XClose

Academic Manual

Home
Menu

Technical Issues and Extenuating Circumstances

Further guidance on students who experience technical difficulties during assessment

This page was last updated on 15 March 2021.


Technical Issues and Online Exams

1. Please refer to the Technical Failures in Online Exams Policy.


Technical Issues and Coursework

2. When submitting coursework, students should give themselves plenty of time to upload their submissions by the published deadline and technical failures will not normally be considered valid grounds for Extenuating Circumstances unless there are very exceptional reasons for doing so. 

3. If there are exceptional circumstances which have had a significant impact on the student, EC Panels can use their discretion to change a ‘Category C’ circumstance into a ‘Category B’ circumstance. 

4. Students must provide evidence (e.g. screenshots or photos of error messages, network failures etc., emails or text messages from internet service providers) to support their claim. 

5. Technical issues must have had a material impact on the student; minor or reasonably-foreseeable technical issues will not be considered as valid grounds. If the deadline is missed, UCL’s normal late submission penalties will apply (Chapter 4, Section 3.12 Coursework Deadlines & Late Submissions).


Technical Issues and Take-Home Papers

6. ‘Take-Home Paper’ refers to a written examination with a fixed start and end time but with a duration of more than 24 hours e.g. 48 or 72 hours. These are managed by departments rather than the central Examinations Team. For the purposes of this policy we are recommending that these are viewed as being closer to ‘coursework’ than to examinations i.e. the normal EC and Late Submission rules apply. However, due to the relatively short nature of these assessments, it is recognised that substantive technical failures could have a disproportionate impact on a student. EC Panels should consider whether it would be reasonable to relax the ‘normal’ Grounds for ECs and allow severe technical difficulties to be considered.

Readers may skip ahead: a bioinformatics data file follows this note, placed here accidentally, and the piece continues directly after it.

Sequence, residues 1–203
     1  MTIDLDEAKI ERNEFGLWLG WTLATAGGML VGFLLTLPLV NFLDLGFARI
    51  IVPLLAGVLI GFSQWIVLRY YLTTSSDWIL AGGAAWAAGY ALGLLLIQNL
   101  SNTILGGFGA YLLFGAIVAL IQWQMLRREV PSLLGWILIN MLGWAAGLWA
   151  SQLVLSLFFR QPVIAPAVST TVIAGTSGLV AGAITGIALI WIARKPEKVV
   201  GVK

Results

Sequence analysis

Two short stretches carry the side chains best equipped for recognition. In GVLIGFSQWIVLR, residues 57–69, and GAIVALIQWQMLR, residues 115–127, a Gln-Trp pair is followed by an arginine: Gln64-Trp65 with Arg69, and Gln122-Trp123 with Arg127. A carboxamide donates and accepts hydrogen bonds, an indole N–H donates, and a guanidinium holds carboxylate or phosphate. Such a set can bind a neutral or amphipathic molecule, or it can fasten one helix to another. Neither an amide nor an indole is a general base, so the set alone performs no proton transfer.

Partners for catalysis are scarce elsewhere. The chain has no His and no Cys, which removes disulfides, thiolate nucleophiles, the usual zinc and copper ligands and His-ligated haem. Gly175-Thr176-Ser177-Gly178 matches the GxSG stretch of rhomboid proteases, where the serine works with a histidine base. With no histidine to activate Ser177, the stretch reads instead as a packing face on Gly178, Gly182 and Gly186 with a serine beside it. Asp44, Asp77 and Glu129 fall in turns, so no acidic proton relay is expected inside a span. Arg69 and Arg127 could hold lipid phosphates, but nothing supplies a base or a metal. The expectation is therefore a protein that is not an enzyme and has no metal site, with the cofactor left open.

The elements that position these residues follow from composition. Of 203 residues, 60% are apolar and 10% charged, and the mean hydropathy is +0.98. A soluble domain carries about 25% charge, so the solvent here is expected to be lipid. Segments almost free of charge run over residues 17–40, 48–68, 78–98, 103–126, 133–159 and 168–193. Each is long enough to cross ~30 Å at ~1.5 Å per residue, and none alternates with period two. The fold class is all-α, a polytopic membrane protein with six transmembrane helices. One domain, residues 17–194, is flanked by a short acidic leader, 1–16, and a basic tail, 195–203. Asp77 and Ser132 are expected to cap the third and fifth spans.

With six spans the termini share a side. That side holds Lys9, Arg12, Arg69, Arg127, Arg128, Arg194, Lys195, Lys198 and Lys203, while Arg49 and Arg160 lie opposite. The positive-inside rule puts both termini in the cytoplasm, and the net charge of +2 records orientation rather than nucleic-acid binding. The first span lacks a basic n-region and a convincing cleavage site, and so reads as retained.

Technical Issues and Practical Examinations

7. ‘Practical Examinations’ include presentations, laboratory work, practicals, orals, OSCEs etc. where the student has a set number of minutes or hours in which to perform a task. These may take place under controlled conditions, but would not usually fall under the regulations in Chapter 4, Section 4: Examinations.

8. At the time of the assessment, the internal examiners should use their discretion to allow for any technical or internet failures which the student could not have reasonably foreseen. For example, a student might reasonably foresee that a PowerPoint file is faulty, but might not reasonably foresee that their internet connection would drop in the middle of their presentation. As these types of assessments are often highly discipline-specific, departments might find it helpful to give students guidance on how best to prepare for the assessment and minimise the chances of technical failures.

9. The internal examiners should use their discretion to decide whether the assessment can go ahead, or if the student will need to undertake the assessment at a later date – for example, if there are other students waiting to be assessed, it may not be possible to continue with the assessment. If this is the case, the student may submit an Exam Query Form. Departments should make sure that a local Exam Query Form is created and clearly communicated to students.